October 03, 2019
Partner Christopher Richter spoke with Advisor’s Edge on the new restrictions financial planners and advisors face in Ontario. With Ontario’s Financial Professionals Title Protection Act receiving royal assent, financial advisors and planners must obtain credentials from approved bodies.
In the midst of these changes, Christopher stresses the importance in defining the practice areas of this new regulated sector—vital for the complaints process against advisors, for courts, and for errors and omissions insurers.
“At what point must they provide all the services of a financial planner if they are certified as a financial planner?” Christopher asks. “There’s always a grey line…it’s not a clear demarcation”.
Christopher states that fact-specific situations are where defining these grey lines becomes important.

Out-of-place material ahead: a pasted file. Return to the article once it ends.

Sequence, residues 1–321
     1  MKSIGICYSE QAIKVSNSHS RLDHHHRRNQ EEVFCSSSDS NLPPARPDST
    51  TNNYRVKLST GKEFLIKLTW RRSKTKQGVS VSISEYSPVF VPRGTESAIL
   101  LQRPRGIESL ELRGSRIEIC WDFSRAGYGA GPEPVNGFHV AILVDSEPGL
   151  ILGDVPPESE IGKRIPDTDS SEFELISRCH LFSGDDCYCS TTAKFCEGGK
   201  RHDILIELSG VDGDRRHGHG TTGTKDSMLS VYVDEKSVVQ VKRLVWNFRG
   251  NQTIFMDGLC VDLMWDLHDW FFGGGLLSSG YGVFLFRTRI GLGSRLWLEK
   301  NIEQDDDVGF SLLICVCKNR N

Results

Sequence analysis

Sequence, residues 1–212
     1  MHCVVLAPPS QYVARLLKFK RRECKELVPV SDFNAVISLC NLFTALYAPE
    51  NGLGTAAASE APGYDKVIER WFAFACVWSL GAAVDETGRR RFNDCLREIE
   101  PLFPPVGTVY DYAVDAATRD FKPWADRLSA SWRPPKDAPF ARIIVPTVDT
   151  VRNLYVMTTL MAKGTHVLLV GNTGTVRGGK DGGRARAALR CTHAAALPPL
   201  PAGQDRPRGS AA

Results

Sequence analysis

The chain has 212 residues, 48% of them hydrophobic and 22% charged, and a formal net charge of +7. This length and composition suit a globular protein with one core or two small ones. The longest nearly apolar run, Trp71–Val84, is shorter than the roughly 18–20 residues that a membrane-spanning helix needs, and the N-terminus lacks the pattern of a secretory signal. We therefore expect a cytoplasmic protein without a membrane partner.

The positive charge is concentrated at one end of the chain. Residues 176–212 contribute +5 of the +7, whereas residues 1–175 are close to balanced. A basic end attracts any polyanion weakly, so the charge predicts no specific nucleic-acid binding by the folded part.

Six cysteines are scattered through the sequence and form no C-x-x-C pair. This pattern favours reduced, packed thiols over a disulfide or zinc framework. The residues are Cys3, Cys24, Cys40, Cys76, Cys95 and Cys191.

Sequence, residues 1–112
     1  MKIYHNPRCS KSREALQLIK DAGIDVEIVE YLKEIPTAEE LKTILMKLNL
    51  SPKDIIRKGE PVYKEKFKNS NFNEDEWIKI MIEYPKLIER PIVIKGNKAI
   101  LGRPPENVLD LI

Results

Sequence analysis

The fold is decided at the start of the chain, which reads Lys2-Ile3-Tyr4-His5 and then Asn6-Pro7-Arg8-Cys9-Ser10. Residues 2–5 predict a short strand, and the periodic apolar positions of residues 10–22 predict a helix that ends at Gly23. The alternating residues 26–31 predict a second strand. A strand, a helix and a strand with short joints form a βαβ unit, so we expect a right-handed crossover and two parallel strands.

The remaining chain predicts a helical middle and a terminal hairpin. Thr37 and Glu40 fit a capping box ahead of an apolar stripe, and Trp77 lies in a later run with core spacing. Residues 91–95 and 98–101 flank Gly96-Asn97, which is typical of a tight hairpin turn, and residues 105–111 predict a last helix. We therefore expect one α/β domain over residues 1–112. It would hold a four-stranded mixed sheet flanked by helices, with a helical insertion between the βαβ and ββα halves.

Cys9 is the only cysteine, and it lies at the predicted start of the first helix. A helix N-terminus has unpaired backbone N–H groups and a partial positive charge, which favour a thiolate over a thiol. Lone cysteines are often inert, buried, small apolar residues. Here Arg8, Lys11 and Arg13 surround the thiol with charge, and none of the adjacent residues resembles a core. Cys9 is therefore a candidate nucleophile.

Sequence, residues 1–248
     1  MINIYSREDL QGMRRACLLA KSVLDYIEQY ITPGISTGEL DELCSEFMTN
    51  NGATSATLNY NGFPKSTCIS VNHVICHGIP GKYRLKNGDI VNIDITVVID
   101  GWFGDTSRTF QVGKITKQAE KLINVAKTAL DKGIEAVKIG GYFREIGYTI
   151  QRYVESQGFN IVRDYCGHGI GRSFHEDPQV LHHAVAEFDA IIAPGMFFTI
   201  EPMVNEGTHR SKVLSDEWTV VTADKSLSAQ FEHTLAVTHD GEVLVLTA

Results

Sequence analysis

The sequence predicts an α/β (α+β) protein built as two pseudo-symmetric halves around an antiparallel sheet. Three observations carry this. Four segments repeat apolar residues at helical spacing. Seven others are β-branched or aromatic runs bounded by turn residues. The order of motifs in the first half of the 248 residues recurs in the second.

Distinguishing financial planning is “something that clients have to deal with regularly and call us about. The more general it is in terms of the person’s financial situation, then the more likely it is that it’s financial planning”.
Although there may be overlap when defining professional obligations, Christopher makes one thing clear: the need to define these professions is growing alongside the desire for greater professionalization within financial services.
Christopher, along with the rest of our team, provides insight on developments in litigation and dispute resolution on the relevant practice page.